Reviewed by

Christopher Armstead

So my old dude tells me this story. He’s heading back home from Memphis after visiting his mother, my grandmother, and was walking back to his car from the supermarket. Being a bit clumsy and having wretched knees, my dad stumbles against some huge SUV thing while attempting to get into his Camry. The young man in the drivers side, apparently waiting for his lady friend in the store one can suppose, hops out of his SUV all ablaze that this old man has touched his ride. He starts threatening my dad, who begins to profusely apologize and just wants to get into his car and leave, but this young angry man is blocking his path. The angry dude pretends he’s calm, turns away, then swings back with his fist cocked to punch my father. First, who in world throws a punch at a slightly overweight, sixty five year old year old man with a limp? Second, you should ask yourself, as the old man is easily slipping this punch, ‘Self, I sure hope this old guy wasn’t some kind of Army Ranger Green Beret Special Forces dude'. Then as you fall to the ground completely crushed by the sixty five year old man with the bad knees and the closet full of combat decorations, it dawns on you that you really should be careful with you who you mess with because you never know. I thought of this story while watching David Gleeson’s taut crime thriller ‘The Front Line’ because I had the feeling the bad guys in this film may picked the wrong guy to use as a foil for their little heist.

Eric Ebounay portrays Congolese refugee Joe Yumba who we meet in an immigration meeting in Ireland attempting to convince the Detectives Harbison (Gerald McSorely) and Clohessey (Orla O’Rourke) that he is a political refugee and not dope dealer, criminal, pimp, or thief. Satisfied that Joe is on the up and up, he is granted whatever version of a Green Card they have in Ireland and the next time we see Joe he is working security at a local bank. Sadly while fleeing the Congo, Joe lost contact with his wife and child, but fortunately Detective Clohessey is able to track down Kala (Fatou N’Diaye) and Daniel (Brian Eli Ssebunya) and reunite the family. But we can tell this young family is hiding something, but what we won’t know what for a while.

Unbeknownst to Joe he is being watched closely by a group of brutal criminals led by the psychopathic Eddie Gilroy (James Frain) who yanks Joe off the street, stuffs him in a van and tells him that he will open the banks safe and allow this gang to have their way. Then they show Joe the pictures of his wife and child who the criminals have captive and swear to kill if he goes to the cops, or doesn’t do exactly as they say. Now Joe is in a bit of a lurch as the criminals have him over a barrel and he assumes that they will kill his family anyway, then also add into the mix the immigration detectives who know something is terribly wrong. Joe has a plan though, and it’s a risky one at that. One that will get everybody killed, including Joe, if he doesn’t work it just right.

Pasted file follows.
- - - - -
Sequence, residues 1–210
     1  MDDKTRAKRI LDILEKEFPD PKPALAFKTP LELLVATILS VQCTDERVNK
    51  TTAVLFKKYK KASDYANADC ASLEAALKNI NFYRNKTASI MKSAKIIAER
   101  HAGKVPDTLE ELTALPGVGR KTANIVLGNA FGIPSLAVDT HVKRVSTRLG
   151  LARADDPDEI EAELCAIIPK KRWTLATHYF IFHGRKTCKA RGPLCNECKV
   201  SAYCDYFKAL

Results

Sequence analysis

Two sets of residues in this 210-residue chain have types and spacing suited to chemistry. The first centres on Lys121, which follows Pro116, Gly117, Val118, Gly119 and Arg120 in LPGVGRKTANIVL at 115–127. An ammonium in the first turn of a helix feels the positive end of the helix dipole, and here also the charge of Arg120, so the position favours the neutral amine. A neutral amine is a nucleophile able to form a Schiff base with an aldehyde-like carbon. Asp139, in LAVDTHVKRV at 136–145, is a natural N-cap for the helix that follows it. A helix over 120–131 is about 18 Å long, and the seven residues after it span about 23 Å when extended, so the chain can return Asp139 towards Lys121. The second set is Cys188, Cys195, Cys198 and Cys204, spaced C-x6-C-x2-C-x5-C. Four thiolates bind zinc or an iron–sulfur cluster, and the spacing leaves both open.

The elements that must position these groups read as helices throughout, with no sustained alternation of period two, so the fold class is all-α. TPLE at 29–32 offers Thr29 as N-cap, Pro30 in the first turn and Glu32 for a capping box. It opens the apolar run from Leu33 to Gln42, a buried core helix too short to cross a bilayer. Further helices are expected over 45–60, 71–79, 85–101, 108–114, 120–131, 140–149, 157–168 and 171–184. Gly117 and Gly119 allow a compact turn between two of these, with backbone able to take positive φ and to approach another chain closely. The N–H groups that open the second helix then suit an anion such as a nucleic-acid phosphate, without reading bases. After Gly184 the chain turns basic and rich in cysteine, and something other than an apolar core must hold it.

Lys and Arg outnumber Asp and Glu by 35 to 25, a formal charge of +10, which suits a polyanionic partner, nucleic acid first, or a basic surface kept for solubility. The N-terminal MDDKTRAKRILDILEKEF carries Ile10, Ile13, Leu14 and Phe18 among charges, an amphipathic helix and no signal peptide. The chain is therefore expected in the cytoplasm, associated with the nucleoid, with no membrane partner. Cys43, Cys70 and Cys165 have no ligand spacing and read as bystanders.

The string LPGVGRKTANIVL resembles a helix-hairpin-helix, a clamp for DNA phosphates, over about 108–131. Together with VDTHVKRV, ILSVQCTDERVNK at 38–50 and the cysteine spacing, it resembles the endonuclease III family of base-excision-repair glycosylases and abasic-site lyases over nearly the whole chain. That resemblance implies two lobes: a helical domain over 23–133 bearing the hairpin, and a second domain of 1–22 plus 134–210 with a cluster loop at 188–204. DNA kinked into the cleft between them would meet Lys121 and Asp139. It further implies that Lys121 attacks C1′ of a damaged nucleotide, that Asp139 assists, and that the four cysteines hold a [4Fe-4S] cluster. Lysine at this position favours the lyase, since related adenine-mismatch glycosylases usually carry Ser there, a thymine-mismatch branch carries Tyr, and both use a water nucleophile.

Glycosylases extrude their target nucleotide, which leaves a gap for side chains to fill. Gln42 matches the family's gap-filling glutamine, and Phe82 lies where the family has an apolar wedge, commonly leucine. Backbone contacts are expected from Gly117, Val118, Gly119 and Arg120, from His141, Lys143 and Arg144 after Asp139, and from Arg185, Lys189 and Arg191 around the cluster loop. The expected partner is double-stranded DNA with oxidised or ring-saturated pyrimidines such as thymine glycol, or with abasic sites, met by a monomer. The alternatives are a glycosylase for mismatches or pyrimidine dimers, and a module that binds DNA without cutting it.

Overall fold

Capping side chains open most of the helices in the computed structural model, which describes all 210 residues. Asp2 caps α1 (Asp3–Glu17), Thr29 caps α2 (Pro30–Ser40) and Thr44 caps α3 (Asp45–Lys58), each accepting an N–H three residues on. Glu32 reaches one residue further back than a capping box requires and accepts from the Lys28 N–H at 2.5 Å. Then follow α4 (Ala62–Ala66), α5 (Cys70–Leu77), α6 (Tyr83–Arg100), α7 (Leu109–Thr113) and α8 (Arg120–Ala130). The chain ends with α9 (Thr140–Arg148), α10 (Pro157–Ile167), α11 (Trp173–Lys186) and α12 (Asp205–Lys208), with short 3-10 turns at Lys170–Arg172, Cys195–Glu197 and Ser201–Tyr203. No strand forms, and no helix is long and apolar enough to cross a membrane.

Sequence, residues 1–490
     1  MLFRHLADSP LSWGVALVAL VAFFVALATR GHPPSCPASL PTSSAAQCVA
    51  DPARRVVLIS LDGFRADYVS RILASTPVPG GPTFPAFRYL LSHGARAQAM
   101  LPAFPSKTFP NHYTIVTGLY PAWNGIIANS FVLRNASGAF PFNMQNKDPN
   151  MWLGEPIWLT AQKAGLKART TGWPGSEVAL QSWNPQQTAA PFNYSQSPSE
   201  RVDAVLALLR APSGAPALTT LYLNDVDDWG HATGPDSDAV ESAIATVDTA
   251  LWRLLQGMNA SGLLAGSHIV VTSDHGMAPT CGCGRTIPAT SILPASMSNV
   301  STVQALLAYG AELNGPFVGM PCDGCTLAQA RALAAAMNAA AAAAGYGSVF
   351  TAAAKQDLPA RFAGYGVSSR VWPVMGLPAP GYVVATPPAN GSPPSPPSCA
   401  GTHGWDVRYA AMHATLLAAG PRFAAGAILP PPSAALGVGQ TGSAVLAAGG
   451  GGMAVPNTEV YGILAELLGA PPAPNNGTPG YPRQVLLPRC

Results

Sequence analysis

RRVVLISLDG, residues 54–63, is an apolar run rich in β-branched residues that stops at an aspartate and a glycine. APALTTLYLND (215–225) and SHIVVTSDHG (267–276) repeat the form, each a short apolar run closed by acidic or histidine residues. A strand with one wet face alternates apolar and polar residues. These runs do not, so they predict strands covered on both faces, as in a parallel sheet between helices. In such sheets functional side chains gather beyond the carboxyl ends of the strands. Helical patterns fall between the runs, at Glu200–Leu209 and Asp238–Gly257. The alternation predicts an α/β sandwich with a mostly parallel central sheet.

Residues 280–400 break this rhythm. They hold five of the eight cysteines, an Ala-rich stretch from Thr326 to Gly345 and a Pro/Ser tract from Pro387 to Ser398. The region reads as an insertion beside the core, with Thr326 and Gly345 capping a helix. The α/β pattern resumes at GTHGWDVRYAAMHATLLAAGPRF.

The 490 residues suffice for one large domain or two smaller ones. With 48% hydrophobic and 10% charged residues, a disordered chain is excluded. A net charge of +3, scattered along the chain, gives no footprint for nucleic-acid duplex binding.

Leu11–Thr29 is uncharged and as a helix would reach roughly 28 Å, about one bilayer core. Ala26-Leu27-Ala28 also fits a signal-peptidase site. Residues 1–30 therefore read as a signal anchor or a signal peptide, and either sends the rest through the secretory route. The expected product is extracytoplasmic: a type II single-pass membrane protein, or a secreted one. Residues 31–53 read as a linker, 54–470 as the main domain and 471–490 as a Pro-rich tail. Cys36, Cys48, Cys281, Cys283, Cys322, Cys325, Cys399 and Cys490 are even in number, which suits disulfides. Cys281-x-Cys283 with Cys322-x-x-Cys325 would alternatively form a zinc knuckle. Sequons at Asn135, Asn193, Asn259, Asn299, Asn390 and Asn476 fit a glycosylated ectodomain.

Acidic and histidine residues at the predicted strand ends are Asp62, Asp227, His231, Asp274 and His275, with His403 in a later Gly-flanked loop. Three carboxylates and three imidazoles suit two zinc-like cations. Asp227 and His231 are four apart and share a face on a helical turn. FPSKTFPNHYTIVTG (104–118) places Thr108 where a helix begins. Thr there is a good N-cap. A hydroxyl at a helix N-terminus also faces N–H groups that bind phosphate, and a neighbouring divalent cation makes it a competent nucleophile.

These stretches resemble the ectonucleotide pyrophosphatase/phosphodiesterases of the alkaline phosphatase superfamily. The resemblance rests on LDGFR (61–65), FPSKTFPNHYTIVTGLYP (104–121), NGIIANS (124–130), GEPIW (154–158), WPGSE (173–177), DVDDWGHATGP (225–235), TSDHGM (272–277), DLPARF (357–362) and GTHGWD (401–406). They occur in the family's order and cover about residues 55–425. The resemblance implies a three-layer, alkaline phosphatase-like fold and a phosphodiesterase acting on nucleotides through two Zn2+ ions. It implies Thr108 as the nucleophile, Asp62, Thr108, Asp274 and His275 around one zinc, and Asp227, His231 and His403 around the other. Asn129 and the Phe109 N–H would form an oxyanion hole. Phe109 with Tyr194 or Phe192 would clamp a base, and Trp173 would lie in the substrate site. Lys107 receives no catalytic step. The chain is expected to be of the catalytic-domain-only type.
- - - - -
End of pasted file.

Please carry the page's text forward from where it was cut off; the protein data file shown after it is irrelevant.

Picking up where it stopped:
‘The Front Line’ is a hard, tough, gritty crime picture punctuated by the tortured, shielded performance by Eric Ebounay. As the secretive but protective Joe, Ebounay effectively hides his emotions from the audience, but we can still clearly see his scars from his previous life in the Congo, both physical and emotional. It is fortunate that the character of Joe is presented to us with multiple layers because the rest of the characters in writer / director David Gleeson’s film are fairly one dimensional. James Frain is suitably creepy and psychopathic as Joe’s foil Eddie, but that’s about all one can glean from his character. Gerald MacSorely’s Inspector Harbison is locked in on duty and a basic distrust of those he assigned to assist, and though information is given to us about his past, but little is done with it beyond basic information. However Fatou N’Diaye showing considerable range in her somewhat limited role of essentially the prototypical damsel in distress, is able to raise the level of her character to more than that and imbue her with the pain and despair of a wretched past matching that of her husband. Also of special note is Hakim Kae-Kazim who at the same time manages to exude cool and menace as Joe’s old acquaintance from the Congo, Erasums.

‘The Front Line’ is tough movie, but a good movie with a hard urban feel, muted, washed out color palette and one that effectively conveyed the starkness of Joe’s situation without using unnecessary exposition. It’s also a film that I think copped out a little bit in the end in my opinion with the way Gleeson chose to resolve Joe’s conflict with the criminals, considering all we have come to know and learn about Joe up to that point. ‘The Front Line’ certainly isn’t the ‘feel good’ movie of the year, but if you like hard, bitter crime drama’s, and I certainly do, then it is one to watch.

Real Time Web